Consider the following: Twitter records more than 200 million tweets per day, many that capture ideas, observations and opinions. Compared to the start of the recession in 2007, it’s now possible to analyze which parts of the country are saying (and recommending) what. In other words, are Americans in rural Michigan echoing the same sentiments as those in midtown Manhattan? If not, what are the key differences and how can Washington tailor its policy objectives accordingly? What messages are getting through and why?
Voters too, are taking advantage of more direct lines of communications with elected officials and participating in political decision making outside of election seasons. Already, a few forward-looking political leaders use new platforms to determine next steps on divisive policy issues via collaboration and idea-sharing. They modify the language they use to express issue positions based on social media intelligence reports. And these techniques will only become more common by this time next year, in the heat of the 2012 elections.
Every member of Congress and major government agency maintains a website with a “feedback” or “contact” button, but government officials’ main way of convincing people to click buttons or fill out forms — generic e-mails sent to enormous lists — is the way of the past. Collaboration via social technologies will define the next chapter.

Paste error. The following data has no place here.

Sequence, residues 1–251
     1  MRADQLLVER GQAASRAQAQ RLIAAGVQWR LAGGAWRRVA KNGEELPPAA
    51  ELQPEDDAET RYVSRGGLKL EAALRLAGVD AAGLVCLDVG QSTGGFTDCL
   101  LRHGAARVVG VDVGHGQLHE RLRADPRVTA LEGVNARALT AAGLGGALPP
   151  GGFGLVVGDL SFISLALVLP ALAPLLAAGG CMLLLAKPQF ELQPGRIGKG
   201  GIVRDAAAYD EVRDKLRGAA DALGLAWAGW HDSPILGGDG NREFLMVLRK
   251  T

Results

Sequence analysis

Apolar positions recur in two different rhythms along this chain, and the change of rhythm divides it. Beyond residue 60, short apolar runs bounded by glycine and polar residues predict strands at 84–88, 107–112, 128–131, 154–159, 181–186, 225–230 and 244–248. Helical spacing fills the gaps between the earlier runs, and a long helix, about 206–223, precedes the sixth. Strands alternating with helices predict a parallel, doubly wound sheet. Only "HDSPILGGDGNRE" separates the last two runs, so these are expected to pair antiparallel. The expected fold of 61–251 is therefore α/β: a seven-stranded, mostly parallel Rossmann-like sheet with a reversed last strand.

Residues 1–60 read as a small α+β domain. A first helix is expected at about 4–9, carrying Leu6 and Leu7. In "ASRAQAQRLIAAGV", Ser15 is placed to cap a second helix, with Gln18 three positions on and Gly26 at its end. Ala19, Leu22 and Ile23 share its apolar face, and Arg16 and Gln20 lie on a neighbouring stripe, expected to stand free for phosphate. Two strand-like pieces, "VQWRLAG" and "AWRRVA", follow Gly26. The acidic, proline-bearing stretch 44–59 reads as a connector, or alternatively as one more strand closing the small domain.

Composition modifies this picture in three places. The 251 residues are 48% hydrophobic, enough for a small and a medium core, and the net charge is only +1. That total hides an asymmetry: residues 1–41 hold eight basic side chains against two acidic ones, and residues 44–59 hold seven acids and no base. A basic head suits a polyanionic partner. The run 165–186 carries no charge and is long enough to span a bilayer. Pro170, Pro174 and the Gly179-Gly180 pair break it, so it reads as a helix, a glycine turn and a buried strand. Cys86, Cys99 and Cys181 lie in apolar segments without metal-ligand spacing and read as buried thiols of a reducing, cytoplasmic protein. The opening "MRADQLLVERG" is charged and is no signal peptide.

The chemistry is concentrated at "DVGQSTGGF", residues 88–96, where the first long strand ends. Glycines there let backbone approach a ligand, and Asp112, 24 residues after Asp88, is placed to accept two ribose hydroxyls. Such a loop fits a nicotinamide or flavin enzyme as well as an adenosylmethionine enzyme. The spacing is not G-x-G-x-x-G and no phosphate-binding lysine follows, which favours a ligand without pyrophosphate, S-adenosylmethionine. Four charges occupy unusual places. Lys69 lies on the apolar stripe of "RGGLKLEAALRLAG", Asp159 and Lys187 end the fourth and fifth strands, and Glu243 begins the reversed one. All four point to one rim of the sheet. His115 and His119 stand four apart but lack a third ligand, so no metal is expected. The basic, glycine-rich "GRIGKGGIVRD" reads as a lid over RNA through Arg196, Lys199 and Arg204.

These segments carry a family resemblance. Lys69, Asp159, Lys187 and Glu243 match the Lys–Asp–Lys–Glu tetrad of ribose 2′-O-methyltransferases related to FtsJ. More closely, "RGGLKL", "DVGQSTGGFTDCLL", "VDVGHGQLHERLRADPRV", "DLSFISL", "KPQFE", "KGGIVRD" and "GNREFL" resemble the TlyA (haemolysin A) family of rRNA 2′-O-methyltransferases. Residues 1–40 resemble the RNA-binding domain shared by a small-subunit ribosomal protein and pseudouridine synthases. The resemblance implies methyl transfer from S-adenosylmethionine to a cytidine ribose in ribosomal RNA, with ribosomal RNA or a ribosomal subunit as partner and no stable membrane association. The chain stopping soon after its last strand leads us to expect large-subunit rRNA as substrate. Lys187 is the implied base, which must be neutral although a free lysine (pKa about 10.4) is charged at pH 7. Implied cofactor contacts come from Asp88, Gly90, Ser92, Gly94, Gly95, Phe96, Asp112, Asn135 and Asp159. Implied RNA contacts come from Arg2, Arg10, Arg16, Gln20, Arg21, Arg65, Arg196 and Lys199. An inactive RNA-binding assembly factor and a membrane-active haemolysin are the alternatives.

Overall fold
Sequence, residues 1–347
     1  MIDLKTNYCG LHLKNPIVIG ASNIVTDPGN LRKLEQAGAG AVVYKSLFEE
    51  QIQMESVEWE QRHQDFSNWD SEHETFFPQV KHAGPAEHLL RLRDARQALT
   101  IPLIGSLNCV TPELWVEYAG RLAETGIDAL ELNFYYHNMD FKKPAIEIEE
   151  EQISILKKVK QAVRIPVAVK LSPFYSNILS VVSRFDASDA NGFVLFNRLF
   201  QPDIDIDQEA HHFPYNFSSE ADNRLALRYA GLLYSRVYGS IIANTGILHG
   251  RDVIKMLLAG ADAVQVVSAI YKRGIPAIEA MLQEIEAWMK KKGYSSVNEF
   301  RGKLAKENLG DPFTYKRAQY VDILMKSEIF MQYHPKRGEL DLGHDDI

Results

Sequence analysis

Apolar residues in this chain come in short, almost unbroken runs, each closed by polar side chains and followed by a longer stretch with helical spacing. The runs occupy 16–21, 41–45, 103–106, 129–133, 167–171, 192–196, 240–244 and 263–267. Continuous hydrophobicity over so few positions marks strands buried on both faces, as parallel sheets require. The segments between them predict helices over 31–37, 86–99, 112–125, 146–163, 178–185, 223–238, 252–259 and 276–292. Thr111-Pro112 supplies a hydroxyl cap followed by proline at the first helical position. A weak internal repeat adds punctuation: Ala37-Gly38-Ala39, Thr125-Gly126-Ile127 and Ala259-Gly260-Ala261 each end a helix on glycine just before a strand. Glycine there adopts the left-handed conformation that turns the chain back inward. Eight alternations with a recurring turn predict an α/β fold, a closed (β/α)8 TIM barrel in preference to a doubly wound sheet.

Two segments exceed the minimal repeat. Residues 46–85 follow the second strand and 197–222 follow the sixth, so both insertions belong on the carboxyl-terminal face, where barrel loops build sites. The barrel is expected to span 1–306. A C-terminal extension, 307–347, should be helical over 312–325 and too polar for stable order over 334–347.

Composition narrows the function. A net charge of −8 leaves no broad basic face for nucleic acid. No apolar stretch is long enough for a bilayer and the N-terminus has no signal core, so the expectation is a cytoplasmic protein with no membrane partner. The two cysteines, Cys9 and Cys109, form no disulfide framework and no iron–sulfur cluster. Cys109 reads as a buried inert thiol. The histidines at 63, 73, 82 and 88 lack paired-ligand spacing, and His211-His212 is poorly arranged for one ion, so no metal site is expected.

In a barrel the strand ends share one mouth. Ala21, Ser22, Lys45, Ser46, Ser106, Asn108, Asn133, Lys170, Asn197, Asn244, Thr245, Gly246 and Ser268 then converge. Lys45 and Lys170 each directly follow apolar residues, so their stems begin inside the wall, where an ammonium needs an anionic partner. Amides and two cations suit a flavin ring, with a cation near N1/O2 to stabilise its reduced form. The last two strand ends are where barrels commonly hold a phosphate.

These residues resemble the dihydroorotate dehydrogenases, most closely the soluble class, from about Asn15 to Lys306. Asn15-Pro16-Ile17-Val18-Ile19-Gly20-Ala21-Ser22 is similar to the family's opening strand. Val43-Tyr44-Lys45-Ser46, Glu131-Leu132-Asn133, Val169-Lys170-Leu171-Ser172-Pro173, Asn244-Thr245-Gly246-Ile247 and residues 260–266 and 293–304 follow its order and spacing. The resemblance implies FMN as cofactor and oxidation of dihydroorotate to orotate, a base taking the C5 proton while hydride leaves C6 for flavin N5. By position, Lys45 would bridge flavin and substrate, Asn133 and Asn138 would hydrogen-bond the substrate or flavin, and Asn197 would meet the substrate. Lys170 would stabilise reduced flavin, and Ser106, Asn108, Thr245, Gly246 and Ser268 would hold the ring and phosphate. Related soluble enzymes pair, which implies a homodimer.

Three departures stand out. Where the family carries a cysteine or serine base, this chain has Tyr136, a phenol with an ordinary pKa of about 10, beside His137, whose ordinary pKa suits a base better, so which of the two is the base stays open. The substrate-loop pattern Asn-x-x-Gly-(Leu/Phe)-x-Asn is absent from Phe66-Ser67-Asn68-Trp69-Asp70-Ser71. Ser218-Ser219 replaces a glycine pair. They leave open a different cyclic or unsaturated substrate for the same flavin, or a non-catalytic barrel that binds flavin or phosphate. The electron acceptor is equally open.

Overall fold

Social media, cloud computing and other Internet technologies already play a major role in politics, but the true disruption has yet to come. In the near future, policymakers, citizens, and government agencies that master the transformative potential of these technologies will mold public opinion, influence elections and transform the way the nation is both listened to and governed.
Daniel Burton is Senior Vice President of Global Public Sector at salesforce.com.